"A lovely beautifully produced mature timbre"- Opera Now
Tel: 079709 38661 OR 07969 880177
I teach in SIX locations. I am available for lessons from 1pm to 8pm
Broadgreen Liverpool (just off the M62)
Broad green Lane
(just off the M60)
The Methodist Church
32 Market Street,
Please listen to my recordings
My sessions of vocal training in Manchester and Liverpool always start with breathing exercises.
There are three main elements to breathing technique in singing.
When we are very young we breathe using our diaphragm. The diaphragm is a sheet of muscle that splits the chest from the abdomen. When you breathe in using the abdomen it moves downwards and lowers pressure in the chest the lungs expand and drag in air through your mouth and nose. When you breathe out your abdominal muscles and other muscle groups act on the diaphragm to push it back into place.
As we grow older the vast majority of people stop using this method. They breathe in by simply expanding the chest taking shallow breaths in. Luckily the lungs are elastic- a bit like balloons- and just like when you let the air out a balloon the elasticity of the lungs is enough to expel the air.
BUT --------THIS WILL NOT WORK FOR SINGERS!.
Singers need to get more breath and also they need to expel that air at controlled pressure matching the requirements of the vocal chords.They therefore need to use all their lung capacity and- because the lungs are pear shaped - there is more capacity at the bottom.
The diaphragm pushes downwards giving far more breath capacity.
Then we need to use our abdominal muscles to push the air out of the lungs so it passes through the throat under controlled pressure.
If you use your diaphragm to breathe downwards the abdominal muscles are pushed outwards by the extension of the diaphragm . Use these muscles to push back against that pressure. When we control the abdominal muscles to provide a consistant level of pressure on the diaphragm the air will be expelled through the vocal chords in a steady stream, and then we can control the flow of air over the vocal chords with our abdominal muscles NOT with our throat.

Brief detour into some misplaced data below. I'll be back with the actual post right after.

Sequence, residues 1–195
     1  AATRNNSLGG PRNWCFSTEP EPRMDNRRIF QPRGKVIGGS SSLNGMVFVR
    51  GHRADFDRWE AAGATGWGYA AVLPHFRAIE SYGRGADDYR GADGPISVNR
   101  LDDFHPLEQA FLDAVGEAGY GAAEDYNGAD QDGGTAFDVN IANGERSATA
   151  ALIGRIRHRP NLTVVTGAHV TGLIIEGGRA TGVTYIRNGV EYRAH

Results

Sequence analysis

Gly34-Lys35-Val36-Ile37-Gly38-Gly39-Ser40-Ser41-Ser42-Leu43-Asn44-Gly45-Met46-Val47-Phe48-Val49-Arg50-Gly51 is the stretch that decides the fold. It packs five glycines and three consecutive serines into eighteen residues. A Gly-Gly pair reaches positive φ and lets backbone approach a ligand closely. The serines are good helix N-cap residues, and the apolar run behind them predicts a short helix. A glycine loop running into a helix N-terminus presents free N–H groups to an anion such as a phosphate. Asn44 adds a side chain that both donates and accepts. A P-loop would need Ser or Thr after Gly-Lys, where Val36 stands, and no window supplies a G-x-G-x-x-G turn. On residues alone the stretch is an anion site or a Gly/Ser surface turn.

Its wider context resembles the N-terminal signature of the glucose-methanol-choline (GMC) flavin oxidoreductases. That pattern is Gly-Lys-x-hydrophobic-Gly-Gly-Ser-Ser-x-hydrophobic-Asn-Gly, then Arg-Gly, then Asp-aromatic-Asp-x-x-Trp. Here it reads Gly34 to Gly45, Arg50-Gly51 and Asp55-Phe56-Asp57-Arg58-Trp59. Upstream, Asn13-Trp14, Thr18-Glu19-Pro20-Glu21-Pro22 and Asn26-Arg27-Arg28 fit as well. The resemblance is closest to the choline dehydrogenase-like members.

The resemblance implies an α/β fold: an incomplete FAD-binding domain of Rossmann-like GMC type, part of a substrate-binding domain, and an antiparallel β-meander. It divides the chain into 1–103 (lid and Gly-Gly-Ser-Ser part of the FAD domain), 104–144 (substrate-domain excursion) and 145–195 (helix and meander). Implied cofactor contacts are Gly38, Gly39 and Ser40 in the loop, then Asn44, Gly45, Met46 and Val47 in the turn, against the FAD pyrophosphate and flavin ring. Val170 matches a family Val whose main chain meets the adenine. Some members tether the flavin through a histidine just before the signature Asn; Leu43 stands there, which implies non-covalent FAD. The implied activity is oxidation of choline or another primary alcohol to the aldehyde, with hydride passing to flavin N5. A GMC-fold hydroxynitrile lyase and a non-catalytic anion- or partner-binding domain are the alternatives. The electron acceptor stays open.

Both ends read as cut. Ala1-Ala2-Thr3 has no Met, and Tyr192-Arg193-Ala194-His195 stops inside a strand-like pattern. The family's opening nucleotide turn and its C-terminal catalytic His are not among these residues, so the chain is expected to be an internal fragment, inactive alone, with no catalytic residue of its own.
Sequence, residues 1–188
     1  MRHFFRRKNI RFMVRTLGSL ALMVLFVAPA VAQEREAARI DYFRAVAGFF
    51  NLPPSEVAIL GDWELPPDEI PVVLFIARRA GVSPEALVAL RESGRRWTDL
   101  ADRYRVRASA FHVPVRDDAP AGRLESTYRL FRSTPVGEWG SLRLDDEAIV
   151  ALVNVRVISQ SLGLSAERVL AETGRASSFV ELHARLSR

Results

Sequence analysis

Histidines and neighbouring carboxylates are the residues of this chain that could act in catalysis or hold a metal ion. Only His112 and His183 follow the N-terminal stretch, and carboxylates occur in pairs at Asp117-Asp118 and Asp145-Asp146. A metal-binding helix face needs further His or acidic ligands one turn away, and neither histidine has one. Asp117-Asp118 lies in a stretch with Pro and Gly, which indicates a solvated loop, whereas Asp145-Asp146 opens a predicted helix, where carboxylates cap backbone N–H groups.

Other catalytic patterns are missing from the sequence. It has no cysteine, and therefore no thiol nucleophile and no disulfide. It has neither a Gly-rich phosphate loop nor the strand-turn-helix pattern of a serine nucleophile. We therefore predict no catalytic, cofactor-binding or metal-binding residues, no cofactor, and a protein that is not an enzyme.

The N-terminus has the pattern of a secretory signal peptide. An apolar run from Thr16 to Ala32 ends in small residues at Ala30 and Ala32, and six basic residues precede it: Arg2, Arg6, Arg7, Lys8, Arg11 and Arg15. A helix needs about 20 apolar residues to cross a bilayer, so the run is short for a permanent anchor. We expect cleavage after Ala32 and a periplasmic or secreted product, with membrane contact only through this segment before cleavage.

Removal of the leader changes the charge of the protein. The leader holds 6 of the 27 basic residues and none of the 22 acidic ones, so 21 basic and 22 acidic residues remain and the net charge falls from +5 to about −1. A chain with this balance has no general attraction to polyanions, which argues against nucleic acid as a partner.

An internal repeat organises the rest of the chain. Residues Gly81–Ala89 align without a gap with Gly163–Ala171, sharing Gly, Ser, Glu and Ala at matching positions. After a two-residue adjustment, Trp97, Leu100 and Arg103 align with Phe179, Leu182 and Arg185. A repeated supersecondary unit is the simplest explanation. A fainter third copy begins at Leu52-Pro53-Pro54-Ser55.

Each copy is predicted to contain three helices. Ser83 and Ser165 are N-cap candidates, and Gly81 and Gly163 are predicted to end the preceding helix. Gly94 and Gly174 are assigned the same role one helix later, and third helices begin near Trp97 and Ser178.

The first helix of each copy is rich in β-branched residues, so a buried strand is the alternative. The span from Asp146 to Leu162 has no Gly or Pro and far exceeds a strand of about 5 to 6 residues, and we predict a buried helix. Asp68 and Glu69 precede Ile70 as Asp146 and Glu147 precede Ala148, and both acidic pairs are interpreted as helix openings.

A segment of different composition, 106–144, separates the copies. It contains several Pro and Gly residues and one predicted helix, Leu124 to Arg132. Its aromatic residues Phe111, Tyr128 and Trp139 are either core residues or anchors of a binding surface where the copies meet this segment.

Finally as the vocal folds work to sing higher notes they are being stretched across the larynx. So as we sing high notes they are stretched thinly and tightly across the throat forming an effective barrier to the release of breath. And so we have to increase pressure using our abdominal muscles so that the air is pushed past the vocal folds with greater force.
Opera singers don't necessarily have the kind of bodies that look good with nothing on- but these two guys demonstrate exactly the breathing method I describe above
My exercises for breathing are split into three sections. Firstly getting in touch with this new way of breathing if, like many people , you have forgotten how to breathe using the diaphragm and the abdomen. Second gaining control by exercises that help you to exhale in a slow and contolled way. And third, increasing the strength of those abdominal muscles so that they support the voice effectively.